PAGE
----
Overview of insomnia in palliative care
- Jeremy M Hirst, MD, PhD, FAPM, FAPA
Jeremy M Hirst, MD, PhD, FAPM, FAPA
- Professor of Psychiatry and Behavioral Neurosciences
- Associate Director, Palliative Care Psychiatry
- University of UC San Diego Health
- Director of Psychiatry & Psychosocial Services; Patient & Family Support Services
- University of California San Diego, Moores Cancer Center
- Scott A Irwin, MD, PhD
Scott A Irwin, MD, PhD
- Associate Professor of Psychiatry
- Director, Supportive Care Services
- Samuel Oschin Comprehensive Cancer Institute
- Cedars-Sinai Medical Center
- Section Editors
- Susan D Block, MD
Susan D Block, MD
- Editor-in-Chief — Palliative Care
- Section Editor — Psychosocial Issues
- Professor of Psychiatry
- Harvard Medical School
- Ruth Benca, MD, PhD
Ruth Benca, MD, PhD
- Section Editor — Insomnia
- Professor and Chair, Department of Psychiatry and Human Behavior
- University of California, Irvine
Insomnia is a condition of impaired sleep, with difficulties in initiating or maintaining sleep, and/or experiencing sleep as nonrestorative and unrefreshing, despite having the appropriate opportunity for sleep to occur . It is a very common medical complaint in primary care patients, and the same is true for patients in palliative care, which is illustrated by studies that report that the prevalence of insomnia is over 60 percent [2-4]. Insomnia is associated with multiple consequences that have a negative impact on quality of life and the ability to perform normal functions. In addition, insomnia is a strong predictor of the development of psychiatric disorders. (See "Overview of insomnia in adults", section on 'Consequences'.)
In the context of palliative care, insomnia often coexists with other symptoms, such as pain, depression, and anxiety, and the presence of one often exacerbates the other, contributing to a decrease in quality of life . Patients receiving palliative care may vary in terms of their functional status and where they are in their personal trajectory in a chronic illness. As a result, the approach and treatment to insomnia in these patients should be individualized. An overview and the general treatment approach to insomnia, as well as an overview of palliative care and the assessment of patients in palliative care, are discussed separately.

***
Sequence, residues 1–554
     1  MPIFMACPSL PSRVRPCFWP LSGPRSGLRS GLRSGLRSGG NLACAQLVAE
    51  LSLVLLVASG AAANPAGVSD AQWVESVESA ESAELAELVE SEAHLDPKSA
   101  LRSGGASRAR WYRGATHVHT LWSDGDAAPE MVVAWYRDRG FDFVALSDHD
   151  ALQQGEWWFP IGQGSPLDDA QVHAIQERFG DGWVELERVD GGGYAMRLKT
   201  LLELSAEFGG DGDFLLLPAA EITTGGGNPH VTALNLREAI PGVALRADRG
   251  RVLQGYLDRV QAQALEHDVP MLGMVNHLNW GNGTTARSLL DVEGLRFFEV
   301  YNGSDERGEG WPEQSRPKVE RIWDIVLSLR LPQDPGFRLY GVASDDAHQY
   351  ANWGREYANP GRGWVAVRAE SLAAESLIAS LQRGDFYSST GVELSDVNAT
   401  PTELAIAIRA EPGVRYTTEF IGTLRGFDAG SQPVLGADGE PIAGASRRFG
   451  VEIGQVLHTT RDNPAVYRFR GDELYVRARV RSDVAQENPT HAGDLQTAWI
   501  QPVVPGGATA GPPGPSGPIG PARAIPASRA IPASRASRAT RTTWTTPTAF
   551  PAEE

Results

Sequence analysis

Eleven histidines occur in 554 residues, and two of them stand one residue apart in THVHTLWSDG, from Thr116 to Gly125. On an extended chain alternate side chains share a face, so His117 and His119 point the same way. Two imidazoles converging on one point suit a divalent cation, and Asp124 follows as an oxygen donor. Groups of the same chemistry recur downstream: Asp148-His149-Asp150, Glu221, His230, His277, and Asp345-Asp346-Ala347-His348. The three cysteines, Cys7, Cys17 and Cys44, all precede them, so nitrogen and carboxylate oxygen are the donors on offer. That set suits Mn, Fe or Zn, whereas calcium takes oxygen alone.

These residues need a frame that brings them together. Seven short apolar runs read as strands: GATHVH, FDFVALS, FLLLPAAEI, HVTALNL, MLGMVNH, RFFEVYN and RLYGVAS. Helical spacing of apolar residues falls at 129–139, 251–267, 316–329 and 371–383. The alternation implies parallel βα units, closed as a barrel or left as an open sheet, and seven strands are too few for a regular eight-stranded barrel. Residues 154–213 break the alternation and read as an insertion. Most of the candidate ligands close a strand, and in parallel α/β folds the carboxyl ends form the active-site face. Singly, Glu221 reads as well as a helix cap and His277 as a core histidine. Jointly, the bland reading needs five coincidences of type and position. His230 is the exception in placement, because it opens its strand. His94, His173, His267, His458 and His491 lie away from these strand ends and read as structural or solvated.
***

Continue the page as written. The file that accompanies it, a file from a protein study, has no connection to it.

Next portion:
●(See "Overview of insomnia in adults".)
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- Associated factors
- TREATMENT APPROACH
- General principles
- - Symptom management
- - Addressing the environment
- - Lifestyle modifications
- - Promote physical comfort
- - Encourage healthy sleep-wake cycles
- - Minimize disruptions
- Behavioral therapy
- - Atypical antidepressants
- - Benzodiazepine receptor agonists
- - Sedating antidepressants
- - Selective melatonin receptor agonists
- - Benzodiazepines
- - Over-the-counter agents
- - Other agents
- Special populations
- - Older adult patients
- - Dementia
- IMPACT TO CAREGIVERS
- SUMMARY AND RECOMMENDATIONS